Tuscan getaways for the die-hard romantic

Punita Malhotra


Sun-soaked villages, cypress-lined roads and manicured farmland…Tuscany spells classic romance every inch of the way. Join us on our Tuscan tour as we tell you all about this stunning area of Italy taking in the beautiful towns of Florence, Siena, San Gimigano and Lucca. Buon viaggio!


The Tuscan capital has captivated the hearts of millions with its world-renowned art galleries, stellar architecture, and an iconic wooden bridge over the Arno River. As the birthplace of the Renaissance, Florence or Firenze, was the hotbed of artistic innovation and scientific discovery during the mid-14th century, a legacy which has endured. The home of great masters like Michelangelo, Brunelleschi, Giotto and Botticelli is an art lover's delight with symmetrical domes, elegant squares, opulent arcades and elaborate fountains.

Florence has been a city where passionate artists lived and worked, and remnants of those times are all over its streets and piazzas, adorning church walls and displayed in its world-class museums. Topping the list of must-dos in the city is a trip to the iconic Uffizi Gallery (for the world's largest collection of Renaissance art), Galleria dell'Accademia (for Michelangelo's David) and the Duomo (a grand Gothic cathedral in pink Candoglia marble). Shop for leather goods, watch an opera performance enrol in a Tuscan cooking class, drool over the spectacular views from Piazzale Michelangelo and fall in love with the sunsets over the Arno. Make it perfect with a stay at the fashionable Portrait Firenze, owned by the Ferragamo family. The views are to die for.


The red-brick town of Siena, best known for the annual Palio race, is a delightful warren of curvy, steep streets and a central bowl-shaped square. The prime attraction of Siena is its stunning historic centre, declared a World Heritage Site by UNESCO. The Duomo, or the Cathedral of Santa Maria Assunta, an imposing example of Romanesque-Gothic architecture in pristine white marble, is reminiscent of Firenze’s Duomo from the outside. Its black and white interiors are decked with works of famous artists like Donatello and Michelangelo. If you go between late August and October, you may have the privilege of seeing some fascinating mosaic artwork on the church’s floor, a spectacle unveiled yearly for public viewing. Climb 400 steps to the top of Torre del Mangia next to the Duomo to find 360° views of the red-roofed medieval town and the surrounding Tuscan countryside.

Spend a couple of hours people-watching at the Piazza del Campo before losing yourself in the warren of cobbled roads, looking for emblems of the various contrade districts hanging from the windows and doors of houses. In the evening, catch a classical music concert in one of the churches and wrap it up with a delicious meal in a back alley bistro.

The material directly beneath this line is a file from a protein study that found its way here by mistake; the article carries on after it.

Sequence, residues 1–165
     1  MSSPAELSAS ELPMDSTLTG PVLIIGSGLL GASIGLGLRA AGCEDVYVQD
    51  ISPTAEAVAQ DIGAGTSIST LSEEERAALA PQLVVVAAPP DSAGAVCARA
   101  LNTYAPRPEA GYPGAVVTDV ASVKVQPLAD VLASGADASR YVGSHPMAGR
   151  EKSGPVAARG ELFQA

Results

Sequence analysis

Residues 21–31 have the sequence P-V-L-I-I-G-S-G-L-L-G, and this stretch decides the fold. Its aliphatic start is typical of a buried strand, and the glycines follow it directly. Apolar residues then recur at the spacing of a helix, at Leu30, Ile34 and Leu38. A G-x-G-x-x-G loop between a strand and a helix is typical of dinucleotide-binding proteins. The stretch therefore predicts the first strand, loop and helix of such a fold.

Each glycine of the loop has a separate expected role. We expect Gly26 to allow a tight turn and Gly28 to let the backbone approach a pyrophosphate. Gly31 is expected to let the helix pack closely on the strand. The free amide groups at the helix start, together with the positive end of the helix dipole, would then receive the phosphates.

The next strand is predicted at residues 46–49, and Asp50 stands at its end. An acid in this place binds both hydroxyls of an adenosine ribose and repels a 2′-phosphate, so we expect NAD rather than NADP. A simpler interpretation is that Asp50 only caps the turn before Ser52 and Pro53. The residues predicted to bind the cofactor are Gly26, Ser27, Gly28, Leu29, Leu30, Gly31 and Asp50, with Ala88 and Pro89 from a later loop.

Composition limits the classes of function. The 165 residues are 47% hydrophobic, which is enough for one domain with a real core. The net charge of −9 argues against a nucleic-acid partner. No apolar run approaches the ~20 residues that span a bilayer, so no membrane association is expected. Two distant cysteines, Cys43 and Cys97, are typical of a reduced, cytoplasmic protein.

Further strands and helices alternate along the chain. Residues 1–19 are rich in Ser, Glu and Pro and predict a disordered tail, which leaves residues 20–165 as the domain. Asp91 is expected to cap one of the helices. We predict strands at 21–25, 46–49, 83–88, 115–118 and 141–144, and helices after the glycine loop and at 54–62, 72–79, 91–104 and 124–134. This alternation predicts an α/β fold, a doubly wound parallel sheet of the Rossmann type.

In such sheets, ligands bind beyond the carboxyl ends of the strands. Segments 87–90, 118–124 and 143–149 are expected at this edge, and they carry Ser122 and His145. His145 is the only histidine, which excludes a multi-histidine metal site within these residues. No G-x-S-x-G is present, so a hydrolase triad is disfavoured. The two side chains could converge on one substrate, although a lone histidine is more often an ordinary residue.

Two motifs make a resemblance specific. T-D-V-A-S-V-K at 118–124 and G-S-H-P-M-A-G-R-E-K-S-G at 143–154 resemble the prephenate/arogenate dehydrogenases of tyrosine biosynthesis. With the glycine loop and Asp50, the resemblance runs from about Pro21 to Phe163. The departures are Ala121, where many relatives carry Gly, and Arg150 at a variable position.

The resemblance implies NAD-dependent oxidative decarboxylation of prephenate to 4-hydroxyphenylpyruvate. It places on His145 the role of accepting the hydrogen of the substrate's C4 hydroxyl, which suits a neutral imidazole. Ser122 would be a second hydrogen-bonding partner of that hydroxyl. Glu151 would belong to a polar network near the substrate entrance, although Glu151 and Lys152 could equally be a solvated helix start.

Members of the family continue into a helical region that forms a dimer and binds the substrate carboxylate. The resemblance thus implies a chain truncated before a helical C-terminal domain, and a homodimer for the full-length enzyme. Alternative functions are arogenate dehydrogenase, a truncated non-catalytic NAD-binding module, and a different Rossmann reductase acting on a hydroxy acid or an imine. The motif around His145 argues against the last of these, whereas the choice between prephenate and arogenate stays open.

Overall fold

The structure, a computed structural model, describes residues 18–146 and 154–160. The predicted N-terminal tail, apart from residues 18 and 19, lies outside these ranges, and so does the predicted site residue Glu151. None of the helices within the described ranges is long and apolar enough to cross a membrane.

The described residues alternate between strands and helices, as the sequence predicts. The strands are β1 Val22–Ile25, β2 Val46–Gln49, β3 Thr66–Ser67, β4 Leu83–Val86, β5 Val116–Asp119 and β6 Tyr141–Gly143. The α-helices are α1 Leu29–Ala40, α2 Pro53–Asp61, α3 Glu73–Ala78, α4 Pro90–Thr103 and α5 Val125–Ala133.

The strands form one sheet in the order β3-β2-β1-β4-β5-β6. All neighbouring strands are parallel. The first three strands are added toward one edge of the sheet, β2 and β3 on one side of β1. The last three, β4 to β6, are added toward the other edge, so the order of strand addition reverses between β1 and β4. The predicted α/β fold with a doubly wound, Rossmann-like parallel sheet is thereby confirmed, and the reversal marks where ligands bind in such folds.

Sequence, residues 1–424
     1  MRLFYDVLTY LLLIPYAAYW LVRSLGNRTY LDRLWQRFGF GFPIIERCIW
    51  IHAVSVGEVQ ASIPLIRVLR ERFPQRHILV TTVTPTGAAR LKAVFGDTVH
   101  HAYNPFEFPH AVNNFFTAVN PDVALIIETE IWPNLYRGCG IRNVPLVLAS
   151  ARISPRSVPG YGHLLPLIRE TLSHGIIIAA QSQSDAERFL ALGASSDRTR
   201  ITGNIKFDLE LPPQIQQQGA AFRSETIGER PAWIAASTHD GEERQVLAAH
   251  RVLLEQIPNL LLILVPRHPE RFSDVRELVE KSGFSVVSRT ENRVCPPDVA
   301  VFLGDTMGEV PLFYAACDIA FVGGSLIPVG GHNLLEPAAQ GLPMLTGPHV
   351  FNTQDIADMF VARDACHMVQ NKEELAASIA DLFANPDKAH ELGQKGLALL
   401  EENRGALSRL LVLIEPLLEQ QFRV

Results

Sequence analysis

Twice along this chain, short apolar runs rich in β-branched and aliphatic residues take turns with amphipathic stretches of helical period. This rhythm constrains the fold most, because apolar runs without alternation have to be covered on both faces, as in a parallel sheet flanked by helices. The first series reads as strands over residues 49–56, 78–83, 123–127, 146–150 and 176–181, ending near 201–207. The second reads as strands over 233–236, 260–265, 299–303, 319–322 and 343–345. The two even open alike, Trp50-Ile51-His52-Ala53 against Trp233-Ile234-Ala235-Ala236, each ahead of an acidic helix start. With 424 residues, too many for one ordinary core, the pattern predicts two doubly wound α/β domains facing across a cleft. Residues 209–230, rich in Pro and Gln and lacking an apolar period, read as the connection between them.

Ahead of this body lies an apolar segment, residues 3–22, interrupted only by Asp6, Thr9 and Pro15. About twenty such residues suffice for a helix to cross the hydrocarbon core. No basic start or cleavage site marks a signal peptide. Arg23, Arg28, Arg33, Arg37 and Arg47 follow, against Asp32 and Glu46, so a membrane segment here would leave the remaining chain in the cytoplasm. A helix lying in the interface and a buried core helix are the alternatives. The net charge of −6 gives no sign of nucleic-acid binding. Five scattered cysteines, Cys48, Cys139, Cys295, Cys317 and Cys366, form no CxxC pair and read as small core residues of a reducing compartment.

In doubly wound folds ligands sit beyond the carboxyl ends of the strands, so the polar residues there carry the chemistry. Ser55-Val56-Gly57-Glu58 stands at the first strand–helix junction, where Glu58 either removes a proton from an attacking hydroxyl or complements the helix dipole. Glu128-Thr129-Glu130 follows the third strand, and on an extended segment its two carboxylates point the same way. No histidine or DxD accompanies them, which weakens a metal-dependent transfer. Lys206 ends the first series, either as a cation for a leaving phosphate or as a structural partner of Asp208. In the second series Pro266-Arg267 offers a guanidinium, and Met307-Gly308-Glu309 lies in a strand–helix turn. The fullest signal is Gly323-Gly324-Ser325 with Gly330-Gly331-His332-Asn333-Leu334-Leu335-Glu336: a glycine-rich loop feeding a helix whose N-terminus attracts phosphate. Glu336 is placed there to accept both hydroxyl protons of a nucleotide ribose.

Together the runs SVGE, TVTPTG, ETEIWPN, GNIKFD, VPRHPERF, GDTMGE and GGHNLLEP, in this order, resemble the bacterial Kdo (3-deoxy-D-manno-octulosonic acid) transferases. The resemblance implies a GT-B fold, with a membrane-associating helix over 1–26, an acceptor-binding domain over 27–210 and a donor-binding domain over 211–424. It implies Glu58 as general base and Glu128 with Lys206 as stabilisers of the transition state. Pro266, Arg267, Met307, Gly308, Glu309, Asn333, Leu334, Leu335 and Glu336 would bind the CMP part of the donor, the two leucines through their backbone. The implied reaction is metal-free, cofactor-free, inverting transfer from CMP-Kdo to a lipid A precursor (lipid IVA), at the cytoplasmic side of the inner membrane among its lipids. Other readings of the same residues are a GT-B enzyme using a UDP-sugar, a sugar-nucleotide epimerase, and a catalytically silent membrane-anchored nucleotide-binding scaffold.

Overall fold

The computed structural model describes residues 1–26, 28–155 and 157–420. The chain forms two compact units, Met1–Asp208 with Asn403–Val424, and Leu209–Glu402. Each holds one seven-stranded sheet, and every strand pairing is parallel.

San Gimignano

"Manhattan of the Middle Ages", you may proclaim at the first glimpse of the ancient tower buildings of this archetypal Italian hill town. Centuries ago, there were 65 stone towers in the city, built by wealthy families, partly for bragging rights and partly for defence. The 13 towers that remain today are the prime attraction of this UNESCO world heritage site, but that's not all. The Cathedral is a must-see for its ensemble of precious frescos from the Florentine school. Art enthusiasts can bookmark the Palazzo Comunale art gallery for works of artists like Pinturicchio, Benozzo Gozzoli, Filippino Lippi, Domenico di Michelino and Pier Francesco Fiorentino.

Torre del Podestà, soaring to a height of 54 metres, was once San Gimignano's tallest tower and still rules the roost for unbeatable views from the top. Gourmands can also book the Vernaccia di San Gimignano Wine Experience to taste wine and local produce and learn about wine history in the region. 


Lucca kicks up surprises with its charming streets, open squares and 4-kilometre-long fortified walls, wide enough for biking and strolling. The stone ramparts dating from the 16th and 17th centuries encircle a fortress town filled with no less than 99 churches, most noteworthy of which is the Romanesque-styled cathedral, the Duomo di San Martino.

Visit in October to participate in the colourful Lucca Comics & Games festival or pay homage to world-renowned international music artists at the Lucca Summer Festival. The best way to experience the city is by losing yourself in the narrow maze of streets lined by medieval houses. No matter which direction you take, the trail inevitably leads to a sunny square, where you can treat yourself to mouth-watering Italian delicacies like Buccellato (sweet bread), Tordelli Lucchese (similar to ravioli) and Garmugia (Tuscan soup).

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